What about synthetic oils?
Take the palms of your hands and place them together in front of you like you are praying, then spread them apart about 6 inches. That is the protection afforded by conventional oil. As the chart below shows, conventional oil turns to a jell and stops flowing at -27 F which is called the pour point and burns to a tar at 430 F which is called the flash point or oxidation point.
Now spread your hands 7 inches apart and that represents the protection offered by a semi-synthetic oil. It turns to a jell at -38 F and turns to a tar at 433 F.
Open your hands about 8" apart, that represents the protection offered by a full line synthetic which will turn to a jell at -44 F and will not turn to a tar until 482 F.
So as you can see by the chart below, as the quality of the oil gets better, so does the protection. But few of us really need an oil with a flash point of 482F, after all, by the time the engine oil gets that hot, the engine is cooked and has been destroyed anyway. Many car owners like synthetics because of the wider protection that's offered and it gives them an extra buffer zone in the event of a bad overheat or getting stuck in real cold weather.
A synthetic 10/30 oil will look and pour like water, compared to a 10/30 conventional oil which looks and pours much thicker, but I can assure you, the protection the synthetics offer is superior to a conventional oil. Besides, you will get two very important benefits from synthetic oil. You will get oil to the engine bearings quicker on cold starts where it is said much of your engine wear occurs and you will get better fuel economy because the engine isn't churning and pumping peanut butter.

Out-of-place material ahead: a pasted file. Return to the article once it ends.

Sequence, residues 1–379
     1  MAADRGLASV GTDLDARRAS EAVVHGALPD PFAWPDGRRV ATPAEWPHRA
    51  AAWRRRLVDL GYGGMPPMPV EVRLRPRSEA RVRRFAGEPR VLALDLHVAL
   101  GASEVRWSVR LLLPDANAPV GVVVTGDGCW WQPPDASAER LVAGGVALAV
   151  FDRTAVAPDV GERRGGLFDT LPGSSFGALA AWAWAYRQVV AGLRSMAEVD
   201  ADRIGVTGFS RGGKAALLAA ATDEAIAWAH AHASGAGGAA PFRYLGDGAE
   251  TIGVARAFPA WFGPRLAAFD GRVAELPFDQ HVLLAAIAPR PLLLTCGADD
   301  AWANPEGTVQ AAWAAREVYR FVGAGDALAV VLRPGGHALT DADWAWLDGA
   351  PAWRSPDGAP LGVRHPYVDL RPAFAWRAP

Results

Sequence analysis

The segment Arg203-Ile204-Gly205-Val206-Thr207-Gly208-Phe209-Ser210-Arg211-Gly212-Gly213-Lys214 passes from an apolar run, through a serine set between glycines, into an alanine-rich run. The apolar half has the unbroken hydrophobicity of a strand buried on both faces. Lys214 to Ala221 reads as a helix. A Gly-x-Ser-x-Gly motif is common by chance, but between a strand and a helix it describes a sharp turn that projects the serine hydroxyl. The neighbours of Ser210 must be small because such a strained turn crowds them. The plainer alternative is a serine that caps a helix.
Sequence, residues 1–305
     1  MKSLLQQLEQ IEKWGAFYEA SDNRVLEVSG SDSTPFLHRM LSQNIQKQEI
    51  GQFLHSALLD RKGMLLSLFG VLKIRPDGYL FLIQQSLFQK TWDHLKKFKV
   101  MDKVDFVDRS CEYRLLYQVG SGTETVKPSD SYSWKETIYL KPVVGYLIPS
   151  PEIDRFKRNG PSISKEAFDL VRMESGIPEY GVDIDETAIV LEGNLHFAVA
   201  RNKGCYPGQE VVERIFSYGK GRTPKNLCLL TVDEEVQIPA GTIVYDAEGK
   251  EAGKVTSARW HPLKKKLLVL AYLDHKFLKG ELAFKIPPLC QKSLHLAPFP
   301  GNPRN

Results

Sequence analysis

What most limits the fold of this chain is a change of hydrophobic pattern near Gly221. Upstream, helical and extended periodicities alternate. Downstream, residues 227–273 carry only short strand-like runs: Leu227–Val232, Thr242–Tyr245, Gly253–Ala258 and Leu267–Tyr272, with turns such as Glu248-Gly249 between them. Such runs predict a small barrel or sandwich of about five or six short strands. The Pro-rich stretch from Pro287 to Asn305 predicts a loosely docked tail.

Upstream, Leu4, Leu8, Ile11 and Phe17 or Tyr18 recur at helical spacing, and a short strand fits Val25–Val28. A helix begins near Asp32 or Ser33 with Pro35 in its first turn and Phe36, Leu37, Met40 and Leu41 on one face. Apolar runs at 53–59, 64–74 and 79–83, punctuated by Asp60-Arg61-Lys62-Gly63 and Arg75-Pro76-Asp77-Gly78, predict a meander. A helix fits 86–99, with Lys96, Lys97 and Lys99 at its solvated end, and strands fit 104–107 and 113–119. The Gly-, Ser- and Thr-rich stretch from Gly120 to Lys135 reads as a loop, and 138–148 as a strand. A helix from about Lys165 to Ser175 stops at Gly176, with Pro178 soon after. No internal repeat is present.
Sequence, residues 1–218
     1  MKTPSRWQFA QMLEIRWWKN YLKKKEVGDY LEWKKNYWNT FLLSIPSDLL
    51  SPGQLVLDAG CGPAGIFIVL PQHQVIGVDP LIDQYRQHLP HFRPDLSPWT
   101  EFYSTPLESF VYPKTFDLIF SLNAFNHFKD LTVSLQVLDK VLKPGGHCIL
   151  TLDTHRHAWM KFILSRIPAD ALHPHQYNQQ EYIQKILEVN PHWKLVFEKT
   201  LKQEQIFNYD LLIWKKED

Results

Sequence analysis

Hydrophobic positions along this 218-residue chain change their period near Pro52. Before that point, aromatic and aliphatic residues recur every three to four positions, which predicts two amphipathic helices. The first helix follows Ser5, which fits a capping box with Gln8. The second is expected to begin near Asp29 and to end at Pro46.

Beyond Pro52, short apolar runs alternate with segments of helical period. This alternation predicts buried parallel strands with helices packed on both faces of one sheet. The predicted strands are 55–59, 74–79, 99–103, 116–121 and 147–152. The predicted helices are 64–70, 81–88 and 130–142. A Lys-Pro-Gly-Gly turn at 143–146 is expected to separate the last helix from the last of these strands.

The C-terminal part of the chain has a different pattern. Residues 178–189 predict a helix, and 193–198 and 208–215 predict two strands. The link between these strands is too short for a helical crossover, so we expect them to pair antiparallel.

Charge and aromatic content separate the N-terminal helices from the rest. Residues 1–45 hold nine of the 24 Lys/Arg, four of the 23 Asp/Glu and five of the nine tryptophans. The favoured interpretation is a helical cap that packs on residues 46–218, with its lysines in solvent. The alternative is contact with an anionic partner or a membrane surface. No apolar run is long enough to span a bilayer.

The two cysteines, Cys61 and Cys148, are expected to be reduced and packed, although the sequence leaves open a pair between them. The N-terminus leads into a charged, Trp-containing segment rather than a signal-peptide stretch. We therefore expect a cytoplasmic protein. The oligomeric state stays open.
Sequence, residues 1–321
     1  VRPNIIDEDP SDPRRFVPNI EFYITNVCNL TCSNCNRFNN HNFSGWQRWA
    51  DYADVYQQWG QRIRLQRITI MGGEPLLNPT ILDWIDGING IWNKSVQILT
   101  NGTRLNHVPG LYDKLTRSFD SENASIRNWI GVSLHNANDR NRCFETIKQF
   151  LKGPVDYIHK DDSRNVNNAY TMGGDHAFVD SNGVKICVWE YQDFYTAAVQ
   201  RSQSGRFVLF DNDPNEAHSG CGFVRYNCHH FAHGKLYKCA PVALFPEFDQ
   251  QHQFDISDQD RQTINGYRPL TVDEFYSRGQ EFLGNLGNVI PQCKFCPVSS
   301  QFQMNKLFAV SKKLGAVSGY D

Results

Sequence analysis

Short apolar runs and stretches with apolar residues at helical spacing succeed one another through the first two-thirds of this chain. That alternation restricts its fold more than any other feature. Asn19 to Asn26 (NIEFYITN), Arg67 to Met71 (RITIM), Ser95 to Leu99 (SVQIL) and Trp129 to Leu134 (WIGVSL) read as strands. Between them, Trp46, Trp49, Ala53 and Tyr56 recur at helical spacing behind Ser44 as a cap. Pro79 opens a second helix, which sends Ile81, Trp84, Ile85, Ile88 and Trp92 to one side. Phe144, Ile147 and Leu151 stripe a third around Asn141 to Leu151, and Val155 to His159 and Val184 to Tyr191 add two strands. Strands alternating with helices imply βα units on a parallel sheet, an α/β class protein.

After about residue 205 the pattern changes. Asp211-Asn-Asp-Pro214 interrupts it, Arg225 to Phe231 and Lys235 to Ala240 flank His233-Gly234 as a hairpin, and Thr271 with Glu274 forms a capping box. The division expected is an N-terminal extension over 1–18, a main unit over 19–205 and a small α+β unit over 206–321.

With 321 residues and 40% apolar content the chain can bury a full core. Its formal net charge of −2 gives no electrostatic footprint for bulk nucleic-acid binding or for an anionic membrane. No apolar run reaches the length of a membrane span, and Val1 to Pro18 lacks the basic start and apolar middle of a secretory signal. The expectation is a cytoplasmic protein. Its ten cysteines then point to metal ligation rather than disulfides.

Another difference between conventional oils and synthetic oils are the size of the molecules that each are made of. If you took a hand full of change (a few quarters, five nickels, 6 dimes and 22 pennies) and tossed it on a table, thats what the molecules would look like in a conventional oil. They would all be different. However, in a synthetic oil, all the molecules would be alike or all would be the size of a nickel.
Synthetic oils are our future. They are far superior to conventional oils. They flow at lower temperatures and they don't break down at higher temperatures. But I don't use them because of their cost. If I lived in Montana and my car was parked outside under a tree in 3' of snow and I had to start it at 3am to deliver newspapers, you can bet I'd have a 5-30 synthetic in my car. If I drove between Phoenix and Tucson every afternoon during the summer, I'd use a full line synthetic as well.
Many new GM cars have extended life transmission fluid and antifreeze that under normal conditions, should last 100,000 miles. I expect we will soon see oil change intervals go to 12,500 miles or so.
Will I use more oil with a synthetic? It depends on the condition of the engine, but most of the time the additional oil consumption is minor and often not measurable. If you have an old tired motor that was using a quart of 30 weight oil each fill up and you decided to change the oil to a 5/30 synthetic, then yes, because of the thinner oil and because its a synthetic, you will probably use more oil. On the other hand, if you were already using a conventional 10/30 and switched to a synthetic 10/30, there will be no additional oil consumption.
Will synthetics cause seal damage and/or make my oil leaks worse than before? Yes. If you have a pre 1980 car with any of the original seals, a newer synthetic oil can cause the engine seals to swell and leak. But synthetics do not create oil leaks. And if you all ready have a oil leak in any car, the leak will be slightly worse because synthetics are thinner.
Once I use synthetic oils, can I ever go back to conventions oils? Yes. Your engine has no idea what kind of oil or what brand of oil you use, so changing brands or quality is no problem. This wive's tale started when Arco came out in the 70' and 80's with Graphite oil and in that case, when you used Arco Graphite, you typically had a rough time using any other oil or changing brands because the graphite so contaminated the inside of the engine and threw the new oil out of specification.
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